NBA Draft: 4 Centers the Washington Wizards Could Draft at #9

Washington Wizards Bol Bol (Photo by Brian Rothmuller/Icon Sportswire via Getty Images)
Washington Wizards Bol Bol (Photo by Brian Rothmuller/Icon Sportswire via Getty Images) /
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Washington Wizards Goga Bitadze
Washington Wizards Goga Bitadze (Photo by Savo Prelevic/EB via Getty Images) /

Like another highly-touted Wizards draft prospect, Sekou Doumbouya, Goga Bitadze comes to the NBA Draft from overseas. But there are fewer question marks around the 19-year-old Georgian than there are around Doumbouya, and a lot of that has to do with the league Bitadze played in last year.

While Doumbouya played in an ‘ok’ league in France, Bitadze cut his teeth in Europe’s top basketball league, aptly named the Euroleague. Players such as Luca Doncic, Bogdan Bogdanovic, Nikola Mirotic, Ricky Rubio, Danilo Gallinari, Manu Ginobili, and Pau Gasol have all made the jump from EuroLeague stars to NBA starters, so success crossing the pond is not unprecedented.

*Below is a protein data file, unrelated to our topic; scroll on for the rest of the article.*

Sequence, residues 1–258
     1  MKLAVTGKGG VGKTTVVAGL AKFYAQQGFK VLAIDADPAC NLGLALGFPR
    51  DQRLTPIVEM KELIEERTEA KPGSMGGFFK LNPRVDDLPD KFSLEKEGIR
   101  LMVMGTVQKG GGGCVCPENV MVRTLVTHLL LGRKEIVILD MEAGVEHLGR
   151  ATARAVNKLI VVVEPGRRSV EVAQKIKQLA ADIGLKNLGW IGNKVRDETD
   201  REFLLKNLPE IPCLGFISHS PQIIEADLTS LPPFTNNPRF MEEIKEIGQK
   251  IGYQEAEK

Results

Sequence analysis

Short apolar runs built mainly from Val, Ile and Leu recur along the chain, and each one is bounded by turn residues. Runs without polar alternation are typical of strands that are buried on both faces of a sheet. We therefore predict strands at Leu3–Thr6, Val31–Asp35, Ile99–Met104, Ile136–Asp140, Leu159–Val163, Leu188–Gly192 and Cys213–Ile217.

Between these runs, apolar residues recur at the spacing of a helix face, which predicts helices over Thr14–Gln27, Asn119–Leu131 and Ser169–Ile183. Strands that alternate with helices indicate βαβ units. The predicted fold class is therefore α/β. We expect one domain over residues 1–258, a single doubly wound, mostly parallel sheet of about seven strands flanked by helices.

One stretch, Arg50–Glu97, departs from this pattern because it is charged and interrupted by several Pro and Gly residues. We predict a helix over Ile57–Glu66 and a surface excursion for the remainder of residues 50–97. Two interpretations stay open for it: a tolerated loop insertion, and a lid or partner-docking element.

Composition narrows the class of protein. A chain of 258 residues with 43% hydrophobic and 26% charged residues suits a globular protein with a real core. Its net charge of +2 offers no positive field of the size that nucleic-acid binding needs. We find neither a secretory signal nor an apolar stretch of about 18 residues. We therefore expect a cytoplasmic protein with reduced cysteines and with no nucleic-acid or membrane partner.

And Bitadze could certainly be the next name added to that list. He excelled as a shot blocker in the EuroLeague, averaging 2.3 blocks per game, which is an unreal number in that league. Bitadze is only the second player since 2017 in the last decade to average over two blocks per contest. Adding a dominant defensive presence like Bitadze would immediately make the Wizards better.

His passing ability, especially out of the pick and roll, has scouts drooling, too. He’s the draft’s best passing big man. And if you need any convincing at the importance of passing in the post, go check out what Nikola Jokic, Al Horford, and Draymond Green can do as distributors.

Next. 4 Forwards the Washington Wizards Could Draft at #9. dark

But like Hayes, Bitadze’s defensive ability is somewhat negated by his offensive inability. While he can score close to the basket, something you’d expect from a 6’11” 250-pound center, he struggles as he moves further and further from the hoop. He’s another prospect who doesn’t fit the increasingly popular “stretch five” label. Instead, he represents a traditional center in a league that’s growing less and less traditional with each passing season.